Last week the West Virginia Department of Health reported one presumptive novel H3N2v infection in an individual younger than 18 years who participated who participated in an agricultural exhibit at the Jackson County fair and who had close contact with pigs.
Several other attendees were also reported to have had `influenza-like' symptoms, and an investigation was underway.
Today the CDC's FluView reports that two more individuals have tested positive for the swine H3N2v virus.
Two human infections with a novel influenza A virus were reported by West Virginia. The patients were infected with an influenza A(H3N2) variant (A(H3N2)v) virus. Both patients are <18 years of age, were not hospitalized, and have recovered from their illness. An investigation by health officials showed that both patients attended an agricultural fair and that swine at this fair tested positive for swine influenza A(H3N2).
No person-to-person spread of this virus has been confirmed to date. This is the third patient infected with an H3N2v virus reported from West Virginia in the past 2 weeks; all three attended the same agricultural fair prior to illness onset.
When an influenza virus that normally circulates in swine (but not people) is detected in a person, it is called a “variant influenza virus.” Most human infections with variant influenza viruses occur following close proximity to swine, but human-to-human transmission has occurred previously. It is important to note that in most cases, variant influenza viruses have not shown the ability to spread easily and sustainably from person to person.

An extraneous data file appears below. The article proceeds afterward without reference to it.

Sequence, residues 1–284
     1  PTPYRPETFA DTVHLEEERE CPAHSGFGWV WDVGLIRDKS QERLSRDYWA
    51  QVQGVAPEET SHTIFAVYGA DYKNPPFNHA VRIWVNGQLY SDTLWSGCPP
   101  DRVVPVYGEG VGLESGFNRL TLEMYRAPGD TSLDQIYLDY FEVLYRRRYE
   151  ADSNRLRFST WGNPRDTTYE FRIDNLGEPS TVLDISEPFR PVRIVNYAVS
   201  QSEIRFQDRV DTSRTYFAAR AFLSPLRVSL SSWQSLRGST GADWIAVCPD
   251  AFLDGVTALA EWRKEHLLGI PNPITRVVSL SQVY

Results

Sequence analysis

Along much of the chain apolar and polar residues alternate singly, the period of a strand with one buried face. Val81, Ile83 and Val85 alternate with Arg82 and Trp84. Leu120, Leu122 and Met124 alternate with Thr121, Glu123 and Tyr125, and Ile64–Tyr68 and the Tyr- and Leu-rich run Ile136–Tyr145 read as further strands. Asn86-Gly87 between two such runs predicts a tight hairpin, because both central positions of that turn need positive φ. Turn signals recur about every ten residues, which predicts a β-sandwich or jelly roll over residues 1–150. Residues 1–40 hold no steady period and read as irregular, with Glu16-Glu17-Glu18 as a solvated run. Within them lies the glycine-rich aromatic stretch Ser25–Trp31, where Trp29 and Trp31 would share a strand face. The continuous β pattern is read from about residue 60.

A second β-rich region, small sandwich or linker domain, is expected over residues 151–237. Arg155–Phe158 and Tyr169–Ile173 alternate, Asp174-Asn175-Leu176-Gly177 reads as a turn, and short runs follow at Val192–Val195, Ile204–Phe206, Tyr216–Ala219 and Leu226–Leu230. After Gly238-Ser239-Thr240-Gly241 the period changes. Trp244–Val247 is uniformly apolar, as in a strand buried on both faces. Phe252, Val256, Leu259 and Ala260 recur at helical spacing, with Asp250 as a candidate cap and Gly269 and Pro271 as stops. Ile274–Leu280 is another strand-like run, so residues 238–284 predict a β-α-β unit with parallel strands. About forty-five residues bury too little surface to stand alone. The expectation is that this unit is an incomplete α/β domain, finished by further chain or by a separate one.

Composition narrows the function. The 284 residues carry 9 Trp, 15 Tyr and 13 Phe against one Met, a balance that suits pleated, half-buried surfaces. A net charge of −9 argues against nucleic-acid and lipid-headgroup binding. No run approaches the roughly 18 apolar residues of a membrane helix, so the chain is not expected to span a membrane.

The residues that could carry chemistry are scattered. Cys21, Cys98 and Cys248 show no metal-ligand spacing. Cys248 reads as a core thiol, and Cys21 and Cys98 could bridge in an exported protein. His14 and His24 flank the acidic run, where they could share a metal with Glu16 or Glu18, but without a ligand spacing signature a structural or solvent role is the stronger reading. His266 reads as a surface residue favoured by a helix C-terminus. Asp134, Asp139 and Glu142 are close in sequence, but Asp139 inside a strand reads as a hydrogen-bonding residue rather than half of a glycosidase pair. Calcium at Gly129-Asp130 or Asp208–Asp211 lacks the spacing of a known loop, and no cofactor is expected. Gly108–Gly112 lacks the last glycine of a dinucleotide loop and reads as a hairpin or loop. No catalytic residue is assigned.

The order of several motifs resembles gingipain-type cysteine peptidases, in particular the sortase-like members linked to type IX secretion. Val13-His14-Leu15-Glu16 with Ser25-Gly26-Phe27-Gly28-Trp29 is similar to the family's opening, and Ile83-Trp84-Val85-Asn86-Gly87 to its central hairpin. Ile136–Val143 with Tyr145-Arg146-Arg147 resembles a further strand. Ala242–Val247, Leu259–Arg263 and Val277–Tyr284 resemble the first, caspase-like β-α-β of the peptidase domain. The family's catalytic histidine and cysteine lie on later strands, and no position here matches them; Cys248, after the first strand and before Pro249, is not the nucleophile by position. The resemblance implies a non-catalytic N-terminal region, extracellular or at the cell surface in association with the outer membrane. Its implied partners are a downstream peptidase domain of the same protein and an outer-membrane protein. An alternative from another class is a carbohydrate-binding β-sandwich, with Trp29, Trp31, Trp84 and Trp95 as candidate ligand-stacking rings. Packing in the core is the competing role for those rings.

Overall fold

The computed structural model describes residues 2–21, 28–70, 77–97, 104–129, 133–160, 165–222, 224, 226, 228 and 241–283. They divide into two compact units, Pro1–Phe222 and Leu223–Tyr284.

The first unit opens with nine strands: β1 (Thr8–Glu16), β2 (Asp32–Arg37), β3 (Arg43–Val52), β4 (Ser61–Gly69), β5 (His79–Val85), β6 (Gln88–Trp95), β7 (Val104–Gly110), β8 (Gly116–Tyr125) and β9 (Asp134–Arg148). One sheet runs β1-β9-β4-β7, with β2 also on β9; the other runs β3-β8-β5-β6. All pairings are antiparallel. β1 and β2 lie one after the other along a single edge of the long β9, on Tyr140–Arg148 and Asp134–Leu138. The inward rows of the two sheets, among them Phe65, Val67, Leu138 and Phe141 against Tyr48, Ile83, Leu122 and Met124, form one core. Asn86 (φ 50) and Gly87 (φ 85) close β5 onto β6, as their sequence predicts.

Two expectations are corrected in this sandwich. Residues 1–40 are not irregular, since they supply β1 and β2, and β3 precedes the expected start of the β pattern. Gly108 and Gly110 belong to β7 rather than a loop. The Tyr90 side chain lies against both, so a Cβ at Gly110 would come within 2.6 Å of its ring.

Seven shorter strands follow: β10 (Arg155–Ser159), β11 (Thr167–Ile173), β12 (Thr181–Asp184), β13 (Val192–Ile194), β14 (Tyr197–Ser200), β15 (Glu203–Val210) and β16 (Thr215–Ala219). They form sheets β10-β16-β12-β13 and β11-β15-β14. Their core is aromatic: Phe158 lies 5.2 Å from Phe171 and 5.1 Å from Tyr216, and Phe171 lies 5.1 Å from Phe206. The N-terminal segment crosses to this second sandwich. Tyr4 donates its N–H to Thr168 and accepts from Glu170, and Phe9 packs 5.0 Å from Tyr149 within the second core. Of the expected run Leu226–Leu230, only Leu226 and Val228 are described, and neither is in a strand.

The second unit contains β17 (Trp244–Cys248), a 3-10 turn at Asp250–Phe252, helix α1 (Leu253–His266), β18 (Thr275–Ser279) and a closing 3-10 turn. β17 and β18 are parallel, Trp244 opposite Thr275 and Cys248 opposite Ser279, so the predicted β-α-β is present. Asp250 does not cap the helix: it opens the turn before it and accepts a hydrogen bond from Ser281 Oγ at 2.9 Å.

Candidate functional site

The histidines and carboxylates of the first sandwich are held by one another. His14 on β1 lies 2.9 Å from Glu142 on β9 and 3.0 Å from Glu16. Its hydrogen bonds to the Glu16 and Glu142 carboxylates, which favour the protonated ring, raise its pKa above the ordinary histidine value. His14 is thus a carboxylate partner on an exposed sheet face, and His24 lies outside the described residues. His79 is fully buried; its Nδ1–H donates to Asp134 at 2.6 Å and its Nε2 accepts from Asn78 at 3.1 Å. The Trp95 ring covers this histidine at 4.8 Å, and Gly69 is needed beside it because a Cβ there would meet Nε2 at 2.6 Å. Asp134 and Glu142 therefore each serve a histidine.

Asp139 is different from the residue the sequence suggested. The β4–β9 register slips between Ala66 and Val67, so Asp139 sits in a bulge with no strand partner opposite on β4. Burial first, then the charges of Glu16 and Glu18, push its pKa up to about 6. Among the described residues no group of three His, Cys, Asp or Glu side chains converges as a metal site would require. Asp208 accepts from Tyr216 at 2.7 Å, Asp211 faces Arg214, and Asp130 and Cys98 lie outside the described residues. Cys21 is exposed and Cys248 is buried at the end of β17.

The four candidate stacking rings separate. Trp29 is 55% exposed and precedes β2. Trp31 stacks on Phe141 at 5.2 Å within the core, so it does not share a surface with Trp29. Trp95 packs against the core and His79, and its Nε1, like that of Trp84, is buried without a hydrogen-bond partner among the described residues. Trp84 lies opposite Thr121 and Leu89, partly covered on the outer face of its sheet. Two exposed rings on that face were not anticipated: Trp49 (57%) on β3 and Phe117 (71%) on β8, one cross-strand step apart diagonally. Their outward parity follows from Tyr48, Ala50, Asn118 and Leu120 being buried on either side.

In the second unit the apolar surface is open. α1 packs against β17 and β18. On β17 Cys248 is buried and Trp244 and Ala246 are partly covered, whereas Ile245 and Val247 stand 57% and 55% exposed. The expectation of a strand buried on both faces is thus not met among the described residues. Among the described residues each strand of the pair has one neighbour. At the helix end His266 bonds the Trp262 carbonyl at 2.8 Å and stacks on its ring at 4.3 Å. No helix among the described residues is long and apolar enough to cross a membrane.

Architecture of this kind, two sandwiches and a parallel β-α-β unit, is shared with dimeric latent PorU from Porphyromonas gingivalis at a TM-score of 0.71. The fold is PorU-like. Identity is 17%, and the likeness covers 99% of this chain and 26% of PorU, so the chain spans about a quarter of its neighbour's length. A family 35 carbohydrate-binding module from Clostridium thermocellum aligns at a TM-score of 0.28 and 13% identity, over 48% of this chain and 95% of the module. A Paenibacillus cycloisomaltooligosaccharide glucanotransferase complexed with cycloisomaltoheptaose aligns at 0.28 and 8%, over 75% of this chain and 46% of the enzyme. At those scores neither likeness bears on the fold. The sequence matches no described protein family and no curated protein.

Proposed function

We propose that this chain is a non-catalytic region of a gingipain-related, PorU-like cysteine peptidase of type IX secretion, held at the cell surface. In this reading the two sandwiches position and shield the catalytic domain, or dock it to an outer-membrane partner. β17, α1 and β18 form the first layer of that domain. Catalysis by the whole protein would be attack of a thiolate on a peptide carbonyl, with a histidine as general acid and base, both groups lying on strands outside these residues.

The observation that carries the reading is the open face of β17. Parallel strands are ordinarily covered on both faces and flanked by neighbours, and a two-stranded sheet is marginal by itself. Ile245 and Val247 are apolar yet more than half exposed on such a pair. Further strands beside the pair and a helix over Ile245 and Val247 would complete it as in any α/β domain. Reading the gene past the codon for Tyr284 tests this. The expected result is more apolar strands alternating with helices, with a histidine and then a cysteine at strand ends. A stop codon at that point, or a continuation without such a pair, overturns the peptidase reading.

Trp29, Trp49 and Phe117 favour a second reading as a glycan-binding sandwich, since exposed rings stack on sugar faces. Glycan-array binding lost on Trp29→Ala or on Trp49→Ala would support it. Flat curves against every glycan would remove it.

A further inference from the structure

Early identification and investigation of human infections with novel influenza A viruses are critical so that the risk of infection can be understood and appropriate public health measures can be taken. Additional information on influenza in swine, variant influenza virus infection in humans, and guidance to interact safely with swine can be found at www.cdc.gov/flu/swineflu/index.htm. Additional information regarding human infections with novel influenza A viruses can be found at http://gis.cdc.gov/grasp/fluview/Novel_Influenza.html.
Since the influenza subtypes that commonly circulate in swine (H1, H2 & H3) are also the same HA subtypes as have caused all of the human pandemics going back 130 years (see Are Influenza Pandemic Viruses Members Of An Exclusive Club?), when swine variant viruses jump to humans, it gets our attention.
Most (but not all) swine variant infections are mild or moderate, and are clinically indistinguishable from regular seasonal influenza. Which is why it is believed many swine variant infections go undetected (see CID Journal: Estimates Of Human Infection From H3N2v (Jul 2011-Apr 2012).
In 2012 more than 320 human infections were reported around the nation, while 5 years ago (2016/17) 66 cases were recorded.
The CDC's Assessment of the Risk from these viruses reads:
Sporadic infections and even localized outbreaks among people with variant influenza viruses may occur. All influenza viruses have the capacity to change and it’s possible that variant viruses may change such that they infect people easily and spread easily from person-to-person. The Centers for Disease Control and Prevention (CDC) continues to monitor closely for variant influenza virus infections and will report cases of H3N2v and other variant influenza viruses weekly in FluView and on the case count tables on this websiteWhile the pandemic risk from swine variant viruses is currently considered low, the H1N1 pandemic 2009 demonstrated just how quickly the status quo can change.
Some information for exhibitors at county and state fairs include: